Abstract

Spinal accessory nerve palsy leads to painful disability of the shoulder, carrying an uncertain prognosis. We reviewed the long-term outcome in 16 patients who were treated for pain, weakness of active elevation and asymmetry of the shoulder and the neck due to chronic paralysis of the trapezius muscle, as a result of nerve palsy. Of four patients who were treated conservatively, none regained satisfactory function, although two became pain-free. The other 12 patients were treated operatively with transfer of the levator scapulae to the acromion and the rhomboid muscles to the infraspinatus fossa (the Eden-Lange procedure). At a mean follow-up of 32 years, the clinical outcome of the operatively treated patients was excellent in nine, fair in two, and poor in one patient, as determined by the Constant score. Pain was adequately relieved in 11 and overhead function was restored in nine patients. Pre-operative electromyography had been carried out in four patients. In two, who eventually had a poor outcome, a concomitant long thoracic and dorsal scapular nerve lesion had been present.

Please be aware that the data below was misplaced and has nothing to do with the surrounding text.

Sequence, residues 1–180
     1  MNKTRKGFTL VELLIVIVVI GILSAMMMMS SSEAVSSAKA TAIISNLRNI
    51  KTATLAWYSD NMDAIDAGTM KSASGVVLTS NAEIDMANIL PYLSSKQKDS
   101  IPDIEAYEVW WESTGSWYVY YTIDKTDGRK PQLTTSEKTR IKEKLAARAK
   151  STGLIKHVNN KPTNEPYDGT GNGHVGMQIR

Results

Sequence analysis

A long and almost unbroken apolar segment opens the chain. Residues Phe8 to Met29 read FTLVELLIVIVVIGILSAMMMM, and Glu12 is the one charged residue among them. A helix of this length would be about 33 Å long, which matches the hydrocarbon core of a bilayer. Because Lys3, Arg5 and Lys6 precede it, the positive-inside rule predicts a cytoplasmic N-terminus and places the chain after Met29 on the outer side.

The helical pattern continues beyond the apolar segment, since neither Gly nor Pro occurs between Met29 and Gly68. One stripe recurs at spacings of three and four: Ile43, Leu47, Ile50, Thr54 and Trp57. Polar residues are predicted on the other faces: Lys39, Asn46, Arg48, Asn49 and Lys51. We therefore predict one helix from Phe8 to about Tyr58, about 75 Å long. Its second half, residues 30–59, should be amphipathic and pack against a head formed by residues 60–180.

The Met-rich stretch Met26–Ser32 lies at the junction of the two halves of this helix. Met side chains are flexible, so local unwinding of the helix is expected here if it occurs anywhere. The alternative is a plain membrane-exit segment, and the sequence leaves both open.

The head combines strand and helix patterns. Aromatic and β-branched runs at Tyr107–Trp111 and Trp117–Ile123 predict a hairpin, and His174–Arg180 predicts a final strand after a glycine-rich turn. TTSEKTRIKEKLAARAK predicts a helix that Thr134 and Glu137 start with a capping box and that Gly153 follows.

The Eden-Lange procedure gives very satisfactory long-term results for the treatment of isolated paralysis of trapezius. In the presence of an additional serratus anterior palsy or weak rhomboid muscles, the procedure is less successful in restoring shoulder function.

  • Received January 17, 2003.
  • Accepted July 9, 2003.